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Ecological benefits of REDD boosted by inclusion of private landowners, potentially harmed by plantations

Reducing Emissions from Deforestation and Degradation [REDD] programs that include landowners will conserve more habitat and ensure greater ecosystem services function than programs that focus solely on protected areas, report researchers from the Woods Hole Research Center (WHRC), the Instituto de Pesquisa Ambiental da Amazônia (IPAM), and the Universidade Federal de Minas Gerais (UFMG).

REDD, a proposed climate change mitigation mechanism that would compensate developing countries for keeping their forests standing, has emerged from relative obscurity to become a focal point of climate change negotiations over the past four years. But in rising to prominence, REDD has also become increasingly controversial. Among the concerns is that REDD will bias conservation activities towards high-carbon landscapes, leaving low-carbon ecosystems open to development, to the detriment of biodiversity and other ecosystem services.

(a) The Xingu River headwaters region (outlined in blue), showing federal and state protected areas (yellow), indigenous territories (white), paved roads (red), and other major unpaved roads (black). Land cover is shown for a Landsat 5 TM mosaic from 2008; greener areas indicate presence of more native vegetation or higher biomass regeneration, pinker areas indicate cleared areas or areas of low native biomass. (b–d) Comparison of alternative landscapes representing the outcome of 3 possible REDD scenarios for the Xingu River headwaters in 2020: (b) Business as Usual (BAU); (c) Protected Areas and Riparian Zone Only (PARZ); and (d) Integrated Landscape Conservation (ILC) [under which private landowners are compensated for conservation measures]. Image and caption courtesy of WHRC/Global Change Biology.

The authors, led by Claudia Stickler of WHRC, examined the potential of REDD to conserve ecosystems in the Xingu basin, an area of rainforest and dry tropical woodland known as cerrado in the southern Brazilian Amazon. While the cerrado stores less carbon than the adjacent rainforest — making it less of a candidate for REDD — it nonetheless plays an important role in watershed maintenance, serving as the source several major Amazon tributaries, including the Xingu river. The cerrado further supports a wealth of endemic plant and animal species.

But the cerrado is also suitable for intensive agriculture and cattle ranching. As such, the ecosystem is being lost at more than twice the rate of the Amazon rainforest, resulting in significant carbon dioxide emissions and harming its watershed functions, potentially undermining the very system that supplies water to farmers and ranchers in the region.

Modeling carbon stocks, river discharge, annual evapotranspiration, habitat quality, and water quality under under three legislation scenarios, Stickler and colleagues found that a carbon program which compensates avoided deforestation and forest restoration on private land would sequester more carbon (more than 200 times the avoided emissions) and provide better water services than a program that focuses on protected areas, riparian zones, and indigenous territories alone. Including private landowners in a REDD program would keep more forest standing — across a wider range of habitats — than a program that excluded them.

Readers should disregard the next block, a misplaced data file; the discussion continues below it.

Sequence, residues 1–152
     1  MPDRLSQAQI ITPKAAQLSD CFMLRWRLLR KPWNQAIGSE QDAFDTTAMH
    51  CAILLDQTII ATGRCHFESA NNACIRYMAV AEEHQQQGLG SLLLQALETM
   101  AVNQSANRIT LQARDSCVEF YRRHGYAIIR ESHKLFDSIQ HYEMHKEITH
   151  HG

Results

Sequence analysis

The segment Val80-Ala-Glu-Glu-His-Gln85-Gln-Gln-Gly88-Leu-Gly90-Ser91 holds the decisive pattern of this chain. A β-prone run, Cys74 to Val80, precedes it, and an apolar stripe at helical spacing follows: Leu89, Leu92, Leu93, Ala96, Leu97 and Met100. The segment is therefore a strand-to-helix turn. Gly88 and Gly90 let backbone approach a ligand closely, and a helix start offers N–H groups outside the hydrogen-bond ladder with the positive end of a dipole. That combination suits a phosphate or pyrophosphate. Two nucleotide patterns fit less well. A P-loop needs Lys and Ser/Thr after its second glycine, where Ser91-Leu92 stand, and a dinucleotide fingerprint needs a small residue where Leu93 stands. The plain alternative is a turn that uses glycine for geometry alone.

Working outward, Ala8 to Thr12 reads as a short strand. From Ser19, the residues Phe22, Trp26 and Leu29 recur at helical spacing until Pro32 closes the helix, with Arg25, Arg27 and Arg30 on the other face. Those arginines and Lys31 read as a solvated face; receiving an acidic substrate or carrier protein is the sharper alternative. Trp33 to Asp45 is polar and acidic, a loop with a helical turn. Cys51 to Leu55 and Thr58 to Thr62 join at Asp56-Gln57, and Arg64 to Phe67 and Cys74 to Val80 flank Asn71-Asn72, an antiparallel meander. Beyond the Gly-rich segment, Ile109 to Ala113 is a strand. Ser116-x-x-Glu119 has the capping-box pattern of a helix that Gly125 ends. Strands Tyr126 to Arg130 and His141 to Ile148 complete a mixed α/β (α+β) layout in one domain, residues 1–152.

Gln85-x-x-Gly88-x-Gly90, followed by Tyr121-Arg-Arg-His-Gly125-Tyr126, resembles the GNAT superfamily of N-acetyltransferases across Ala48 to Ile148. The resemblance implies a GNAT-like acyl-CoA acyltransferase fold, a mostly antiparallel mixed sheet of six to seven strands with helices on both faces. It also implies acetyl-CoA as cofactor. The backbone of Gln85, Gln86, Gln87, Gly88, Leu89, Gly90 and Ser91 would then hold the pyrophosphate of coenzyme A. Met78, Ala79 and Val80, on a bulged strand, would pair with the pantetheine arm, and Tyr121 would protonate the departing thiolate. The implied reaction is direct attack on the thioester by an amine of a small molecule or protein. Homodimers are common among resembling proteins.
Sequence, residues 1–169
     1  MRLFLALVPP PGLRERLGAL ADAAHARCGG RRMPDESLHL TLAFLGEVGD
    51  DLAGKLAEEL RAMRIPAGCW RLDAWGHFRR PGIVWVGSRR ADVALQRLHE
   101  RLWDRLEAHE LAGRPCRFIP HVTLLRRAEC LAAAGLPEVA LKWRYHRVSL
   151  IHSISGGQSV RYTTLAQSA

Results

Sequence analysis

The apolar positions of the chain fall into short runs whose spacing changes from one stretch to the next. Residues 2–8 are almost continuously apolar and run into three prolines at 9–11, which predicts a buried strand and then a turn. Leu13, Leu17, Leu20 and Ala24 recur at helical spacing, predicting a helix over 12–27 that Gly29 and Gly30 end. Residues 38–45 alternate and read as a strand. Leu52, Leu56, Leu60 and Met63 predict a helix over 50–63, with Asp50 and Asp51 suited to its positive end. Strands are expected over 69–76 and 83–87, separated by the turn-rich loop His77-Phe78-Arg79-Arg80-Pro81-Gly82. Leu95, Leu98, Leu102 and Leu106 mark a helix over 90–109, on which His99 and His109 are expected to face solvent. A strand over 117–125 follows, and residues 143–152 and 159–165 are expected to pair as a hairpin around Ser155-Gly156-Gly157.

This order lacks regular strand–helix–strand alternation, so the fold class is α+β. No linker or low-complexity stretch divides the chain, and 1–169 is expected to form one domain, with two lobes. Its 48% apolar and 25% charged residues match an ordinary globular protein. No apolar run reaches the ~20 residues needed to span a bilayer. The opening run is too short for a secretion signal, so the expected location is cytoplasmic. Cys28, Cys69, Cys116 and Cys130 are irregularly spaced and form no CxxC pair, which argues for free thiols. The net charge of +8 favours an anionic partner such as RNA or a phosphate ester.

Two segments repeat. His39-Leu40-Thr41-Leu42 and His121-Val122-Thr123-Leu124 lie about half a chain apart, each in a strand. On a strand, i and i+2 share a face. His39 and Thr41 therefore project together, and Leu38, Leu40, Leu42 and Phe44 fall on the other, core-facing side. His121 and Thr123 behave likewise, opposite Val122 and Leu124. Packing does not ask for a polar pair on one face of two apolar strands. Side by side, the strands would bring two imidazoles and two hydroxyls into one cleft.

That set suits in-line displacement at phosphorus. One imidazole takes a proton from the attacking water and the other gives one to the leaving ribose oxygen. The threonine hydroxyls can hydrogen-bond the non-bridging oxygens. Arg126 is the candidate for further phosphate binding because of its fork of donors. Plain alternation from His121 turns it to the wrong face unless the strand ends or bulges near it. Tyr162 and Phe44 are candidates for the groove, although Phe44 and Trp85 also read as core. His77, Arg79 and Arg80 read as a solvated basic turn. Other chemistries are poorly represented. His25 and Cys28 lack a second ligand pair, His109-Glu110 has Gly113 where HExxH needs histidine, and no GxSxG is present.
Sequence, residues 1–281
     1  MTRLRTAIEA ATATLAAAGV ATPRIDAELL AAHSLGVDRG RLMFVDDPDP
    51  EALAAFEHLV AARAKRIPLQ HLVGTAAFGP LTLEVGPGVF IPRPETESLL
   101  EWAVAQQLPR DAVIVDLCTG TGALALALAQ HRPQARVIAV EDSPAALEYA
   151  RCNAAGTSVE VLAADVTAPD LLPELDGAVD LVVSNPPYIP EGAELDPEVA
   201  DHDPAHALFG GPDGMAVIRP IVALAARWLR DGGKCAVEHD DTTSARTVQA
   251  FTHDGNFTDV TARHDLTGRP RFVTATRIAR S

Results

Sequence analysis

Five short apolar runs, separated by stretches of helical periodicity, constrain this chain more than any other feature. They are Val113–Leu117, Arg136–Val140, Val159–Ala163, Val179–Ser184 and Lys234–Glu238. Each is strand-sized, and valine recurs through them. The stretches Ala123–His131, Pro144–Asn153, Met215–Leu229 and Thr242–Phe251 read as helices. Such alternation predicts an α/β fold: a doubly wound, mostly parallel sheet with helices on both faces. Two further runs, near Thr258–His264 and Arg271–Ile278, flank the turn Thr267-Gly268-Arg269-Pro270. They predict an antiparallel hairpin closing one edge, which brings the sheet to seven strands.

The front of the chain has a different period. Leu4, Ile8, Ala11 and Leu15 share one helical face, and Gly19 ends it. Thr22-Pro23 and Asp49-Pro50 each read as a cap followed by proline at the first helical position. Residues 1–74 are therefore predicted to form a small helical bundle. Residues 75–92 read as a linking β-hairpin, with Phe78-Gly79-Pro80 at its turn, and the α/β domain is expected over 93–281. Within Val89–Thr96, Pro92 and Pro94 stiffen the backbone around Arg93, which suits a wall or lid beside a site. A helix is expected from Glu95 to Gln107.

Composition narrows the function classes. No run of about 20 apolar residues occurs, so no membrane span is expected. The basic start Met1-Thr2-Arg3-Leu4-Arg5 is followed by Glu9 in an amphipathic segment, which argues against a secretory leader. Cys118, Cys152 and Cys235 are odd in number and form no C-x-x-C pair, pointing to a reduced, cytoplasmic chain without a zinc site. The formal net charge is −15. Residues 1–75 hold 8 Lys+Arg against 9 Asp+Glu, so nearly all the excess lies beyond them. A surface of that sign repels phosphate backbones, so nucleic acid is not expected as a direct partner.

“We have demonstrated for a large-scale Amazon landscape that REDD could foster improved watershed function, and increase habitat quality and quantity (e.g., through increased forest connectivity and reduced edge effects),” the authors write. “The Xingu headwaters case study demonstrates that the ecological cobenefits of REDD are sensitive not only to the quantity of forests and woodlands remaining on the landscape, but also to their spatial distribution.”

“These results also provide further support to a shift in conservation theory that posits that landscape level conservation approaches are likely to secure ecosystem integrity better than those focused solely on protected or ‘core’ areas.”

The paper also includes a broader evaluation of co-benefits afforded by REDD. The authors found in most cases that REDD programs will boost carbon stocks and provide “substantial ecological cobenefits,” especially in schemes that focus on slowing destruction and degradation of old growth forests. The notable exception came in programs that seek carbon stock enhancement through tree plantations.

“We need a balanced approach to REDD as we get into the details of how this mechanism will work,” said co-author Dan Nepstad of WHRC in a statement. “Images of rainforests being razed for Eucalyptus plantations in the name of carbon are simply not helpful.”

“There are reasons to be concerned about possible ecological damages that could be caused by REDD, and to make sure that those damages are kept to a minimum, but the overwhelming evidence points to enormous ecological benefits overall, especially if REDD programs are well-planned,” added Stickler.

Claudia M. Stickler, Daniel C. Nepstad, Michael T. Coe, David G. McGrath, Hermann O. Rodrigues, Wayne S. Walker, Britaldo S. Soares-Filho, Eric A. Davidson. The potential ecological costs and cobenefits of REDD: a critical review and case study from the Amazon region [PDF]. Global Change Biology Volume 15, Issue 12, Pages 2803-2824 DOI: 10.1111/j.1365-2486.2009.02109.x

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